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Acid leaching of coal and coal-ashes
MTA, Mineral Research and Exploration Directorate, 06520 Balgat, Ankara.
Luleå tekniska universitet.
Luleå University of Technology, Department of Civil, Environmental and Natural Resources Engineering, Sustainable Process Engineering.
MTA, Mineral Research and Exploration Directorate, 06520 Balgat, Ankara.
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2003 (English)In: Fuel, ISSN 0016-2361, E-ISSN 1873-7153, Vol. 82, no 4, p. 1721-1734Article in journal (Refereed) Published
Abstract [en]

Twelve Turkish lignites and the corresponding ashes were leached in sulfuric acid (pH 1.0, 25 oC) for 14 days. Asphaltite from Silopi amended the coals. The conditions mimic treatment in the effluent from bioleaching of sulfidic mineral concentrates, but the results are equally valid for an isolated leaching process. The extended time meant that we approached equilibrium and maximum extraction.The coals have limited neutralizing capacity. H2SO4 (1.0-2.0 l, 1 M) was needed to stabilize 1 kg coal at pH 1.0 (liquid:solid ratio 10:1), but the coal-ashes required 18.0-24.0 l/kg dry solid, which is the neutralizing equivalent to CaO.Leaching of dominant inorganic phases consume acid, but our interest is merely to remove trace elements present as dopants. We removed large fractions of Mg and Mn, but Al, K and Na extractions were limited by the presence of stable minerals and bimetallic oxides. The formation of the latter is driven by combustion at high temperatures. Alumina, normally not stable at pH 1.0, was protected from the effluent by the organic phase in coal. Fe leaching varied and appeared to be a marker for different chemical occurrences in the solids.Cd, V, Zn, U and Th were leached to near 80% from the ashes, but considerably less from the coals. Co and Ni extractions were near 60%, but not always higher from the ashes compared with the coals. Cu yields increase following ashing and reached ca. 60%. Ti, Ba, and Cs were not leached.We suggest that direct acid leaching is of interest to limit the deleterious impact of ash deposits and to recirculate metals from the ash. Ash may partly replace limestone in hydrometallurgical processing, but, more importantly, metal ions extracted from ash may be fed into the metal recovery stages of such processes. It is particularly interesting to leach Co, Cu, Ni and Zn, besides Mn, V and the environmentally hazardous Cd, U and Th. Leaching of whole coals is well motivated for domestic use-lump sizes around 18-50 mm, or slightly smaller, 10 mm, if mandated by practical residence times-where generally no other measures are taken to protect the local environment.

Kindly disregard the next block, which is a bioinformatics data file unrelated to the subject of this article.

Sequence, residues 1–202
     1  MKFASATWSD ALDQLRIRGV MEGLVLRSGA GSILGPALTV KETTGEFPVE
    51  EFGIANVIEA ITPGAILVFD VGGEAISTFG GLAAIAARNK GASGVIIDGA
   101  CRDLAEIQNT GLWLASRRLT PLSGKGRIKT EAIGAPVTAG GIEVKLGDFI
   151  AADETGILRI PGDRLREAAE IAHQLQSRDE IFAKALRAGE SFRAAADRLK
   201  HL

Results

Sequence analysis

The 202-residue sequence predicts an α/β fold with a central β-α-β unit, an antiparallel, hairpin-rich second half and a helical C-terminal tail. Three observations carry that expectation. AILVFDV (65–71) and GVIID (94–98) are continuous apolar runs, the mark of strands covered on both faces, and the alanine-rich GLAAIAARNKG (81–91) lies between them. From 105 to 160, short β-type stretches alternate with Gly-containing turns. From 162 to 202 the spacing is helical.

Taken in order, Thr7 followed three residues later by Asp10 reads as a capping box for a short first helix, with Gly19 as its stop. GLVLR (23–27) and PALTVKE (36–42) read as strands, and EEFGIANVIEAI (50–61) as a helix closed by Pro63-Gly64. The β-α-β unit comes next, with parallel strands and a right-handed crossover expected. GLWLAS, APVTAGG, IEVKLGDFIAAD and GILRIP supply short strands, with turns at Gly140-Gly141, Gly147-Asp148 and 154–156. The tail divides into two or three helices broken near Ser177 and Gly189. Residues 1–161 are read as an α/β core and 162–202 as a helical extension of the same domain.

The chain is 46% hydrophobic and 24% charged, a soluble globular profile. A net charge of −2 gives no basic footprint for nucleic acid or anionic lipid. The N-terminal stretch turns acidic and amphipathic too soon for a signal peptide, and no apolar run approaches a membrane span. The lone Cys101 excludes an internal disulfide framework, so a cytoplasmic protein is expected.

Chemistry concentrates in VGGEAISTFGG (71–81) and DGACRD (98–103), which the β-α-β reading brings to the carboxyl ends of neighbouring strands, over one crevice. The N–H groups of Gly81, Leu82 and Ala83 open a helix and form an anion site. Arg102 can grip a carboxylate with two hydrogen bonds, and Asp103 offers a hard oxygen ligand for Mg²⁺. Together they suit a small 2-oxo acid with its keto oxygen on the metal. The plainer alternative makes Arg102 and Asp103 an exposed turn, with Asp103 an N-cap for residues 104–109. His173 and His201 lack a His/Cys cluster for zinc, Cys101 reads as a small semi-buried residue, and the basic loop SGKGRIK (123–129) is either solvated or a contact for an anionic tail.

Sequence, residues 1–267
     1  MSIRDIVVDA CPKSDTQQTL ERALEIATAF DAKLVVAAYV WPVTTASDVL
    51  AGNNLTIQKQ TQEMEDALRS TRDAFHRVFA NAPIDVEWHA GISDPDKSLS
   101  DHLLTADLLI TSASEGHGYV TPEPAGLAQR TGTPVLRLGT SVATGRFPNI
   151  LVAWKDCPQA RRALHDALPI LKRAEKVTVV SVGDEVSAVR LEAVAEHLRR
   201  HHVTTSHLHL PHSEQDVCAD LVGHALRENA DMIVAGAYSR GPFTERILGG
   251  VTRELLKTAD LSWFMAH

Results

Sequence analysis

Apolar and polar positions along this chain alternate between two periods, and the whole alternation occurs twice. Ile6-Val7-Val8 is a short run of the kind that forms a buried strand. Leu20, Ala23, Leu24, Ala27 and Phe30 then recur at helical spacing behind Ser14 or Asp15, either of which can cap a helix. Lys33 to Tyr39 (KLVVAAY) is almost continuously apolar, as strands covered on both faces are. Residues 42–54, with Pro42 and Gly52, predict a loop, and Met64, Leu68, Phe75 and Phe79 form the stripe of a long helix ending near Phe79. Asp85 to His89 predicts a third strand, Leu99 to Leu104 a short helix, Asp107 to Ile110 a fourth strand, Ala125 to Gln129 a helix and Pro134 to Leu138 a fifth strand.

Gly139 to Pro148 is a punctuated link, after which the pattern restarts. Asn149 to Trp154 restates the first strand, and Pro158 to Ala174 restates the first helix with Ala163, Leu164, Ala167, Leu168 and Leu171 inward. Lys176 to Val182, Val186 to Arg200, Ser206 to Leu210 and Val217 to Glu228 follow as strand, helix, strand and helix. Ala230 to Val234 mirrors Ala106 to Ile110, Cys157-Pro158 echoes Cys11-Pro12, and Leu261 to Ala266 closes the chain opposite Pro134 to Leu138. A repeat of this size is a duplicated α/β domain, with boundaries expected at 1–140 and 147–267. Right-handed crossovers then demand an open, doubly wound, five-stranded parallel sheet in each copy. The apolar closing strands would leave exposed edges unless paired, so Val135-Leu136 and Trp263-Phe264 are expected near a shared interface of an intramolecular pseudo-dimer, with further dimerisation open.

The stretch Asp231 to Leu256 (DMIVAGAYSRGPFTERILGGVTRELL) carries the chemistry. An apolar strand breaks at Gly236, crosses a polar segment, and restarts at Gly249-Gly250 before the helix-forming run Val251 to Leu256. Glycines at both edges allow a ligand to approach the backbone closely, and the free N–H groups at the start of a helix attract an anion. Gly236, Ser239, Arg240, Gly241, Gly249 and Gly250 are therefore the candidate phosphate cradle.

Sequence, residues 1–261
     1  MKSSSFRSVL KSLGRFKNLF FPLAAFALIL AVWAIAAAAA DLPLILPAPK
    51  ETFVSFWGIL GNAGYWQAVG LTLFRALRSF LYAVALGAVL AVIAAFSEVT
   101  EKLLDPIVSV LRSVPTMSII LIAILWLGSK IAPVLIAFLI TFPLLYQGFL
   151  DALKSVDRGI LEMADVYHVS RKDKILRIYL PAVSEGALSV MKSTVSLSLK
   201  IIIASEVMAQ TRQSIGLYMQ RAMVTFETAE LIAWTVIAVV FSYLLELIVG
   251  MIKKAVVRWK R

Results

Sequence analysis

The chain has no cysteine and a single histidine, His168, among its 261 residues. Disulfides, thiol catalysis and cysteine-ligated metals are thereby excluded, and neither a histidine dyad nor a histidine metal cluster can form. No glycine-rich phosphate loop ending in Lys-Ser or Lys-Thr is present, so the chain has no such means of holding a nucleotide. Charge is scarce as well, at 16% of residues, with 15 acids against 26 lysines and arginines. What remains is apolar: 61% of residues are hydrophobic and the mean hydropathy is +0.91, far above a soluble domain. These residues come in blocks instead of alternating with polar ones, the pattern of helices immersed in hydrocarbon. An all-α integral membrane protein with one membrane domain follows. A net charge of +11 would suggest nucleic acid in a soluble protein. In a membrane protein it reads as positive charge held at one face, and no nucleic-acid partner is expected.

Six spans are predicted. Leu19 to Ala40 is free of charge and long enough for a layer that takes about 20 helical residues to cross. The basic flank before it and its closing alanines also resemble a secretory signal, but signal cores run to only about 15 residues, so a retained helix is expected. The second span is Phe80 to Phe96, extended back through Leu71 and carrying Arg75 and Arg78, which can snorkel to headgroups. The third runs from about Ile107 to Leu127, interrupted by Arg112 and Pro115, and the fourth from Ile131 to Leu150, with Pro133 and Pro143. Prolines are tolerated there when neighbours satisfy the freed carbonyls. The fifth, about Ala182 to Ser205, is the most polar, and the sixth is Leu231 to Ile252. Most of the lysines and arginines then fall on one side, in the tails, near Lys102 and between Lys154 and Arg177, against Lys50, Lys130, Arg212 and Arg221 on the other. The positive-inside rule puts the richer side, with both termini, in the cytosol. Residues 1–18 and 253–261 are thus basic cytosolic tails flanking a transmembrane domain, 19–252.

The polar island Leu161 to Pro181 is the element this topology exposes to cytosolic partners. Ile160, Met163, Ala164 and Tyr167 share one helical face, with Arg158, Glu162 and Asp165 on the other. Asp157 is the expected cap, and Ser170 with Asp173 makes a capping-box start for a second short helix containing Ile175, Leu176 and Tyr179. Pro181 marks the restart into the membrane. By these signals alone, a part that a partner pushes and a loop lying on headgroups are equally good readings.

Place, publisher, year, edition, pages
2003. Vol. 82, no 4, p. 1721-1734
National Category
Metallurgy and Metallic Materials Other Physics Topics
Research subject
Process Metallurgy; Fysik
Identifiers
URN: urn:nbn:se:ltu:diva-10387DOI: 10.1016/S0016-2361(03)00132-7ISI: 000184668800003Scopus ID: 2-s2.0-0038711352Local ID: 9312d3a0-8899-11db-8975-000ea68e967bOAI: oai:DiVA.org:ltu-10387DiVA, id: diva2:983329
Note
Validerad; 2003; 20061210 (ysko)Available from: 2016-09-29 Created: 2016-09-29 Last updated: 2018-07-10Bibliographically approved

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Sandström, ÅkePaul, Jan

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